It’s really hard to put into words the profound effect the whole going-to-Sissinghurst experience had on me. From checking Adam Nicolson’s book about Sissinghurst out of the library three times before I could actually finish it, to visiting Knole and seeing why Vita Sackville-West was so angry about primogeniture, the Sissinghurst magic sucked me in. But I’m ahead of myself.
Adam Nicolson is the grandson of legendary Vita Sackville-West and Harold Nicolson. Vita and Harold purchased the run-down Elizabethan era property at Sissinghurst (click here to read the history) in the 1930s after losing her beloved family home, Knole, upon the death of her father. The estate went to a male cousin and then to the National Trust. Vita and Harold rebuilt Sissinghurst and created a beautiful garden, one that continues to serve as model and inspiration for gardeners today. It also became a National Trust property when Vita and Harold’s son Nigel signed it over. One of the tenets of the National Trust ownership, however, is that family members may continue to live on the property in perpetuity if they want to. This brings us back to Adam Nicolson.
Adam and his wife Sarah Raven lived at Sissinghurst, taking care of Adam’s father Nigel Nicolson in his later years. The pair was already famous for both writing books and for television appearances; their transformation of their farm in Sussex became the subject of Perch Farm: A New Life (out of print) and The Smell of Summer Grass: Pursuing Happiness – Perch Hill, 1004-2011. It also marked the beginning of Raven’s television career as a gardening show host and author.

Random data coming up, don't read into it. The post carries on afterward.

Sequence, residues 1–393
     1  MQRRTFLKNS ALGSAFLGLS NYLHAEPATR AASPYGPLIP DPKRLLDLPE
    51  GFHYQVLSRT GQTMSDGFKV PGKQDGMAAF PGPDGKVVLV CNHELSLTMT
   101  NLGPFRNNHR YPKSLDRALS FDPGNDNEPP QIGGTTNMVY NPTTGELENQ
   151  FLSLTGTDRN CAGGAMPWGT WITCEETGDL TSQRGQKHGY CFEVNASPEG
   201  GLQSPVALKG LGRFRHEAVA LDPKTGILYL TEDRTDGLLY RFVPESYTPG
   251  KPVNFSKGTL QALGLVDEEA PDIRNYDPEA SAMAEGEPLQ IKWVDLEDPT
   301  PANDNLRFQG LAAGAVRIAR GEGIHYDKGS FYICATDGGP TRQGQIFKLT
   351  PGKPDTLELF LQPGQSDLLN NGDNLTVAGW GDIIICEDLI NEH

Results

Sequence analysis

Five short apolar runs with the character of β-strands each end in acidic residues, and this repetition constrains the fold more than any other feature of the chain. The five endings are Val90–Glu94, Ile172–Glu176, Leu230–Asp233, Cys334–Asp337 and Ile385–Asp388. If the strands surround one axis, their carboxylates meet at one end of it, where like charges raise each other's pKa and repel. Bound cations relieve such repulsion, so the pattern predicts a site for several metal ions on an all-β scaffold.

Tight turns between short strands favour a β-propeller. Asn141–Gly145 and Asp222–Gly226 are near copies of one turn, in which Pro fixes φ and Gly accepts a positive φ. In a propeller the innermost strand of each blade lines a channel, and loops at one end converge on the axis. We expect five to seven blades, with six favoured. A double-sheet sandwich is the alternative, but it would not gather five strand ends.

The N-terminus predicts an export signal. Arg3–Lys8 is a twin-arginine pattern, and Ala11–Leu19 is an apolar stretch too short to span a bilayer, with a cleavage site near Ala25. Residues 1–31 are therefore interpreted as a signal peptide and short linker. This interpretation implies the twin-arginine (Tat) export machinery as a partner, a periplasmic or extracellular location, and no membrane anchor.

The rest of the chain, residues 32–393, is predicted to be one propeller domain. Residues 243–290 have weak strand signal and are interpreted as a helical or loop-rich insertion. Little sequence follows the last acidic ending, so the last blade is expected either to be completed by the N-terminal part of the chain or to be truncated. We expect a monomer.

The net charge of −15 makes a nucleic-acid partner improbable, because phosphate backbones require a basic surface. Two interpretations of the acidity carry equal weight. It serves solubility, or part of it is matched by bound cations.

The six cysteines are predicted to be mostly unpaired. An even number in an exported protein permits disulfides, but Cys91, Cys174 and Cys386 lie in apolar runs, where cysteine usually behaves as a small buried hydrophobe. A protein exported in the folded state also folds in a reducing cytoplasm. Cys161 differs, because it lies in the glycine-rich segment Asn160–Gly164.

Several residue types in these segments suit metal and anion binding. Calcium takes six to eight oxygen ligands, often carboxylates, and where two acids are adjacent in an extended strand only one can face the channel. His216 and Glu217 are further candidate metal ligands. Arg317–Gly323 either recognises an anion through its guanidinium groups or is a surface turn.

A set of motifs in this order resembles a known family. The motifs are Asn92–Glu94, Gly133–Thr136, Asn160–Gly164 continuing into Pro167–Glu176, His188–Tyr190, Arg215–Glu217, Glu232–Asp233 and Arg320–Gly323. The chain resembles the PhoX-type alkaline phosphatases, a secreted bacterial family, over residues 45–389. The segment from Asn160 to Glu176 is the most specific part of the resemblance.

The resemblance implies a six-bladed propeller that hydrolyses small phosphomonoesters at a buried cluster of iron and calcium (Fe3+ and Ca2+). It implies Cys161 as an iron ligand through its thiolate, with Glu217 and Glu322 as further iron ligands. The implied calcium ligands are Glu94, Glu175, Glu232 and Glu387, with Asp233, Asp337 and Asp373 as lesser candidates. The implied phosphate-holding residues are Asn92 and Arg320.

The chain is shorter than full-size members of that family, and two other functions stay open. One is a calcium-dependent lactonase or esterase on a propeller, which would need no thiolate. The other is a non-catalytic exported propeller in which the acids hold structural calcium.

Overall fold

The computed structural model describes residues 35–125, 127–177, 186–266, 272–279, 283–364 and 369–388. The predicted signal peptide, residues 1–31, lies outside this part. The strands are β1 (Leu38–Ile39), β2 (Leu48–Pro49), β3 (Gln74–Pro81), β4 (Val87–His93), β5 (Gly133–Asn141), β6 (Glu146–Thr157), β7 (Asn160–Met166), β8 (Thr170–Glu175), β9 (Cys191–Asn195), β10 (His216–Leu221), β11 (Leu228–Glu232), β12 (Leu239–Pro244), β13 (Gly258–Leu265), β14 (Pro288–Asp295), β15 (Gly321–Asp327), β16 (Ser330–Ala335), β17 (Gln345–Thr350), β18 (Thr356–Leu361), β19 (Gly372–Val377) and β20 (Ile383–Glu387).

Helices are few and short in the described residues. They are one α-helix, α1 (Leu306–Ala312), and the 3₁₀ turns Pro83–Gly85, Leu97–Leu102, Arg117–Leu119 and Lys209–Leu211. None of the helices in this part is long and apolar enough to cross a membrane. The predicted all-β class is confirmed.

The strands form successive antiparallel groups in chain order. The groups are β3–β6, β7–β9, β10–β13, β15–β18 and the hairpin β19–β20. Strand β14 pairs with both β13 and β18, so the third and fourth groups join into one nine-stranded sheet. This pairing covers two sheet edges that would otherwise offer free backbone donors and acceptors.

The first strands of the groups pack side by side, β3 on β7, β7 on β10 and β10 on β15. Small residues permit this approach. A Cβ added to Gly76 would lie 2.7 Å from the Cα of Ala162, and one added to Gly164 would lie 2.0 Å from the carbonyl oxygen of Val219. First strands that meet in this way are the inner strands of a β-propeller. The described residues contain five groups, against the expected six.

Between 2005 and 2009, in partnership with the National Trust, Adam led a project which transformed the 260 acres surrounding the house and garden at Sissinghurst into a productive mixed farm, growing meat, fruit, cereals and vegetables for the National Trust restaurant. It is this experience that is recounted in Sissinghurst: An Unfinished History.
When we visited Sissinghurst Castle Farmhouse (I blogged about this yesterday), one of the first questions I asked Sue was whether the transformation of Sissinghurst to a working farm had been accomplished. She was kind of surprised that I would not know the answer to this, because there had been a BBC television series based on Nicolson’s book and I guess that everyone in England knows the answer to my question. She told me that, yes, there had been many changes made, and that Adam, his wife Sarah, and their children were currently in residence at Sissinghurst. I found that at night I could see their flat screen television from our bedroom window at the Farmhouse and became more and more enchanted with the notion that normal human beings (albeit famous and part of Britain’s peerage) were living in the 16th century buildings at Sissinghurst.
And then we actually visited the garden. The first night, I made my husband walk around the public spaces in the early evening, even though the garden was closed. I felt as though I could feel the ghosts of Sissinghurst past gathering around me as I sat in the courtyard outside the Granary restaurant in the dusk. It was spooky, yet comforting, to feel the benign presence of the people who had lived in this centuries-old space. Perhaps surprising, too, since one of the major episodes in Sissinghurst’s life had been to serve as a prison. Still, it felt welcoming and safe.
Then we actually went into the garden.Somehow I never made it up to the top of the tower, the only remaining part of the original medieval castle. I kept thinking that I would go another day, but never got the chance again. I regret it now, but at least it’s an excuse to go back.
As for the garden itself, it was everything I had hoped it would be. I have MANY more photos than these, but I’ll just let some of my pictures tell the remaining story of Sissinghurst Castle and its gardens.
If you’re looking for more about Vita and Harold, I’m going to take you to Knole tomorrow, Vita’s ancestral home. There’s a lot of juicy stories to share about this castle, so come back to visit!
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